Walking barefoot

There are certain moments that absorb words. I feel silent now. I feel full. And now I have 90 minutes to craft something deep about my inner thoughts when all I want to do is walk barefoot through the Environmental Sanitation Institute’s shaded paths or write poems about the wind in the trees. My mind doesn’t exist in any one place right now. How to reduce? That is always my frustration with writing—and also my favorite part. Writing is all about pulling an image and molding it so that you can very nearly hold it in your hands, sift it through your fingers—what is its name? I am always doing this here, pulling out pieces of my day and defining them, locking them in my mind through pictures made tangible with words.

I remember when Mr. Mundra first described ESI, he told us it was clean, in a tone that seemed almost to be an apology. And sanitation in America, cleanliness in America, has this connotation of stark white linoleum, of blankness. So I expected the clean Sanitation Institute to be barren—stripped. I envisioned gray boxy buildings and simple cots lining long, windowless rooms. This was, of course, illogical. After all, windowless rooms would be a disaster in this heat. Nonetheless, I couldn’t think of any other way to imagine a place that held the label of a sanitation institute. So I arrived, not expecting my expectation to be accurate but not knowing what else to expect, and found a place that was certainly clean, but also warm. Everything is green or that rusty brick color. The buildings aren’t boxed in. They have no uniform shape and each building runs into the next. The light plays shadows against all the corners.

Last night someone (I believe it was Claire) said as we were walking from the field outside the Canteen back to our rooms that ESI blurred the lines between inside and outside. You can be under a roof but still in the open air, or wandering through labyrinths of brick that weave between silence and birds chirping in the trees. And the air moves far more up here. This is perhaps the first place in Ahmedabad where I have felt a consistent breeze. Yesterday evening when we sat on the lawn and a breeze passed through, Kimberly opened her arms and said, “My mom always used to tell me to catch the wind.” Hers was the kind of posture that makes you imagine mountain vistas and wind-whipped plains. Vast expanses, not of empty space, but of a kind of simple richness. I think this is true openness.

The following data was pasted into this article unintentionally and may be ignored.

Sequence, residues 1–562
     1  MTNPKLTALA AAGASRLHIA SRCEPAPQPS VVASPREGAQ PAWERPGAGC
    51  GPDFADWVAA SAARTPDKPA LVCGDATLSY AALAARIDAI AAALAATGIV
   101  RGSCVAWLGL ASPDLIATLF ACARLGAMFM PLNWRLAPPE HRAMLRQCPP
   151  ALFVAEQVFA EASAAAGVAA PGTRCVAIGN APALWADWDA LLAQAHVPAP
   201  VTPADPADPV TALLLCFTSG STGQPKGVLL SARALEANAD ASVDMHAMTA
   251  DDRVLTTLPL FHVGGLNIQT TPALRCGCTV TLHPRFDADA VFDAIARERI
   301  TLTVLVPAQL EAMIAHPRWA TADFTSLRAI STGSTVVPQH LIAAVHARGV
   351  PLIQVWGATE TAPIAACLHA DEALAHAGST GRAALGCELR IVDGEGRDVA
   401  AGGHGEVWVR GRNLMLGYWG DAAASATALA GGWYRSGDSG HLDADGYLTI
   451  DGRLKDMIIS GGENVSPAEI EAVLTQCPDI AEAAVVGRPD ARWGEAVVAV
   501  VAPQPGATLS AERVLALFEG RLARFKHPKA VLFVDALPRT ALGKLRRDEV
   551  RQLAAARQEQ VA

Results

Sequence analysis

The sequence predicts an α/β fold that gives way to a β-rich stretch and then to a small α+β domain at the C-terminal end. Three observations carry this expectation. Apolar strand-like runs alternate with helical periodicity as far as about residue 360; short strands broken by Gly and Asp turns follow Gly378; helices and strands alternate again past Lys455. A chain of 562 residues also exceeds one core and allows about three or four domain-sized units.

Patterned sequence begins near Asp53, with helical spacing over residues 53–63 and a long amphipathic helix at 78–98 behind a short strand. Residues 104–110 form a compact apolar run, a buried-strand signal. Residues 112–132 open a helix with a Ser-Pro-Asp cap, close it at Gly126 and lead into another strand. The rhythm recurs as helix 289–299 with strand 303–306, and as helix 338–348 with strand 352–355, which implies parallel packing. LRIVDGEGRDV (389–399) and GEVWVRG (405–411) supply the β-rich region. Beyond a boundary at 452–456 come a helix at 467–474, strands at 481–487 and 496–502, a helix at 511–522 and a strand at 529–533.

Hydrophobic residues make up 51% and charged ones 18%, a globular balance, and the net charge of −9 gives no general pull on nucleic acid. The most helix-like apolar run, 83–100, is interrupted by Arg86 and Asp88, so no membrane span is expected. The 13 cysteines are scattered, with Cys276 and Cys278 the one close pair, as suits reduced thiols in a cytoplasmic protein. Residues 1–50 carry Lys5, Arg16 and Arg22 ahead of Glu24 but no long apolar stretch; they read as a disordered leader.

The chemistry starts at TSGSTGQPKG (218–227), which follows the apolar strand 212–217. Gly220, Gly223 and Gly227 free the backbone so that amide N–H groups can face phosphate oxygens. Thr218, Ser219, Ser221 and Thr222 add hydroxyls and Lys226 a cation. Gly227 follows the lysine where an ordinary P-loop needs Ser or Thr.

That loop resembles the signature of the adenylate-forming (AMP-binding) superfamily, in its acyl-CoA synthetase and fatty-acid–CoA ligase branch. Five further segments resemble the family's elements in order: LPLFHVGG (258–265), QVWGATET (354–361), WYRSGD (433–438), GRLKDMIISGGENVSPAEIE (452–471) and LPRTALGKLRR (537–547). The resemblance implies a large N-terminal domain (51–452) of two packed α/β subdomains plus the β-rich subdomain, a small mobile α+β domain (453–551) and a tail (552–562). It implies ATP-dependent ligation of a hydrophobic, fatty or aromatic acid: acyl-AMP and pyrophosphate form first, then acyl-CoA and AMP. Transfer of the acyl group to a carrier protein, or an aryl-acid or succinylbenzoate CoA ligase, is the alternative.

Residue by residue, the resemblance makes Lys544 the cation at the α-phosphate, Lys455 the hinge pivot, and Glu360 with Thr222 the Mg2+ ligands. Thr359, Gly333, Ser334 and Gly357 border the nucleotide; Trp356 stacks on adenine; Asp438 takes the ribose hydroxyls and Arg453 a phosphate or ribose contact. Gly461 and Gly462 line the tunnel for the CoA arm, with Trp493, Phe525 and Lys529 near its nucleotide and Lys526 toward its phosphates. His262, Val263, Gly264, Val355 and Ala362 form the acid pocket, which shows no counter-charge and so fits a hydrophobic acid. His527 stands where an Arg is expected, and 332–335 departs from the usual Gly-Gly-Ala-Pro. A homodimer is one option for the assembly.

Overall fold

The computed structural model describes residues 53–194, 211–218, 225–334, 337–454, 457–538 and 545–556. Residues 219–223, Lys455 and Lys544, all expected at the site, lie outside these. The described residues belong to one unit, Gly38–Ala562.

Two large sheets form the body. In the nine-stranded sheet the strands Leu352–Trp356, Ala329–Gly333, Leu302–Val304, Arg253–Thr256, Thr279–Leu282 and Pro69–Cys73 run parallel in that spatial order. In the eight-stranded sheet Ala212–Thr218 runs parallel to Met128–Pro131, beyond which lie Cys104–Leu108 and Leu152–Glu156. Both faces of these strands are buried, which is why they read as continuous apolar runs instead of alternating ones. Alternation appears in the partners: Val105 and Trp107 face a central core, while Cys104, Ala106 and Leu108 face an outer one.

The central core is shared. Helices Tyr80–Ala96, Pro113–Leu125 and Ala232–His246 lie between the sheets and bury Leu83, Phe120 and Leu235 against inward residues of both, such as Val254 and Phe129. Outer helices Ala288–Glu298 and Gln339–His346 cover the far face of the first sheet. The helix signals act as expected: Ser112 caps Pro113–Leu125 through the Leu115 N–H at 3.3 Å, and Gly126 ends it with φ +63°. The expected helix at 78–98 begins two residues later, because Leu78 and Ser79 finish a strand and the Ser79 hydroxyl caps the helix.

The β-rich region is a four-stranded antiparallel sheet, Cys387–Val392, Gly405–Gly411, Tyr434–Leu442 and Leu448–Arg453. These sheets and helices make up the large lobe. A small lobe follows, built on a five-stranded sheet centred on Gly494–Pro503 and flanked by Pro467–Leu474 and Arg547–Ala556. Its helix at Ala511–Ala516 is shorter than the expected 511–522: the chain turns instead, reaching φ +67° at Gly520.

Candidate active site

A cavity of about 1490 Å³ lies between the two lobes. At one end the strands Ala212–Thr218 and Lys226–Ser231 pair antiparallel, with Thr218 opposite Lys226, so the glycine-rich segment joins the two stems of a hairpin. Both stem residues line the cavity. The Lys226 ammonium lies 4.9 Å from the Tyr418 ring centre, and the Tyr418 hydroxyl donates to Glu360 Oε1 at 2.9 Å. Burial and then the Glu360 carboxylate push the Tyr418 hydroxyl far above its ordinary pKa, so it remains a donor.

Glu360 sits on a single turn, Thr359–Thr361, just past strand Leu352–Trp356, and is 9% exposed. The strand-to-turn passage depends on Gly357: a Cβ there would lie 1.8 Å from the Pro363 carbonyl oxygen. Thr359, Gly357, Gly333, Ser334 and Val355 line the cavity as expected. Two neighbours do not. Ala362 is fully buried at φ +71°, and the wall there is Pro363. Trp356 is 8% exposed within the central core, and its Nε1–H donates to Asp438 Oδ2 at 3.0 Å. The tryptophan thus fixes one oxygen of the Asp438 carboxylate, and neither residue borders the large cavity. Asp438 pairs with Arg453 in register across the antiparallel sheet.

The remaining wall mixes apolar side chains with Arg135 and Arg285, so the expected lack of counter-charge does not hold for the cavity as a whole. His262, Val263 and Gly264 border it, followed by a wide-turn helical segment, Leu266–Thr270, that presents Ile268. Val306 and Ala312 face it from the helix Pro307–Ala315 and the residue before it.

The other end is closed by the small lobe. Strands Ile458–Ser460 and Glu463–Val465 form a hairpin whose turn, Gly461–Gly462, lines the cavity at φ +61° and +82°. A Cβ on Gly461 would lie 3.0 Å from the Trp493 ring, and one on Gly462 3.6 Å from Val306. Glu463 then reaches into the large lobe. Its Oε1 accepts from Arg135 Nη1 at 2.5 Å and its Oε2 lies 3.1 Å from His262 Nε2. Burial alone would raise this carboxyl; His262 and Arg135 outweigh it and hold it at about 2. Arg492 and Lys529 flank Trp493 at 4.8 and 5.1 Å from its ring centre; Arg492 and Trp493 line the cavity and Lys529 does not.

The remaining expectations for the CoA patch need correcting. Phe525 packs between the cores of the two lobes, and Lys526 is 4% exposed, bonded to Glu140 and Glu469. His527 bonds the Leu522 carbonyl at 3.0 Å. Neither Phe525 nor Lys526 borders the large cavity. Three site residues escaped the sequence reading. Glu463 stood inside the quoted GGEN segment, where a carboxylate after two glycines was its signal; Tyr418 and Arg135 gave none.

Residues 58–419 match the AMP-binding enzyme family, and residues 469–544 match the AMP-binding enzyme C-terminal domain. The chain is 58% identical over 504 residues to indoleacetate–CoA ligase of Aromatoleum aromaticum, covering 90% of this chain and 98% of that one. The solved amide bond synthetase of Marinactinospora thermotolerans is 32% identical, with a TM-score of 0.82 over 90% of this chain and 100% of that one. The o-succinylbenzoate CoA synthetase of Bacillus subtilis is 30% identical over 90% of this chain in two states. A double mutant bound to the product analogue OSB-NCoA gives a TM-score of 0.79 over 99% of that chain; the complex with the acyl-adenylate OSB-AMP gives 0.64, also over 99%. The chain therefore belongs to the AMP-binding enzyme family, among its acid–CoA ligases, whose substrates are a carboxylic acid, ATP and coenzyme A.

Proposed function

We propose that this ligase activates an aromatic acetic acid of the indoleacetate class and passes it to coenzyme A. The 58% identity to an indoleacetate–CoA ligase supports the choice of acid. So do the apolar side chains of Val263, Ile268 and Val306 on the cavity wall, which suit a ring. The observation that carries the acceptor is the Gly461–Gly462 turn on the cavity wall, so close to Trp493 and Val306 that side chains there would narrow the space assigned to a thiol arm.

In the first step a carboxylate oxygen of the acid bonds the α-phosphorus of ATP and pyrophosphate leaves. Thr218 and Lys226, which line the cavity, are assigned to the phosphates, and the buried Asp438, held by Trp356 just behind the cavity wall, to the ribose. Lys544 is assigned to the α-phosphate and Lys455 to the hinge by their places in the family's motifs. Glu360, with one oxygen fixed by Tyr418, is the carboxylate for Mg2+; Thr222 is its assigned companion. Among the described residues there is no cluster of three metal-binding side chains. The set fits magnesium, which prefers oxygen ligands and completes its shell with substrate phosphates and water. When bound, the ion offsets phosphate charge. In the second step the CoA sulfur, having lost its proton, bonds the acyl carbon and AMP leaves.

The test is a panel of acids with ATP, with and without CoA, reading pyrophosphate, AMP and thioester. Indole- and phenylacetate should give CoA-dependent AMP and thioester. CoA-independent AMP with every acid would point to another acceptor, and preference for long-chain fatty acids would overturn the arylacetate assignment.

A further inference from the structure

There is something about physically opening yourself up that opens you internally too. I noticed this when I was meditating: sitting up straighter, I could feel the breath of things. Or when I speak (or rather, grin and wave enthusiastically) to the kids at the government school we’re visiting, I find I have to be physically open in order to interact with them. My inability to verbally communicate with them makes me more aware of me body, as it is the only remaining means of communication. I don’t think I’ve ever smiled so much, or made such an effort to open up my posture. Usually, when I speak about things that make me vulnerable, my body almost caves in on itself, as if to cancel out the openness of my speech. It’s sort of like I have to keep some piece of myself protected. Opening up both your internal self and your body is really hard. But at peaceful places like ESI, it gets a little easier.

 Communication. Communication is basically a movement between inside and outside, the way rooms blend into nature at ESI. There’s a Gandhi quote that I’m completely forgetting right now, but it essentially goes like this: I want my house to be open so that all the cultures of the world can blow through it. But I refuse to be blown off my feet by any of them. There’s this balance of taking in the world and still being grounded in the self that’s really hard to achieve. I think sometimes we spend too much time either running circles within ourselves, or letting ourselves be defined by external social pressures. I know I have both of these problems. I think—perhaps I hope—that I am learning, through stumbling interactions with kids and late-night conversations on the lawn and meditations under the trees, how to move between internal and external openness. How to be both clean and rich with color, how to define each day and still be open to new definitions that may come up on the next. How to catch the wind and smile and mean it. How to let all this be enough.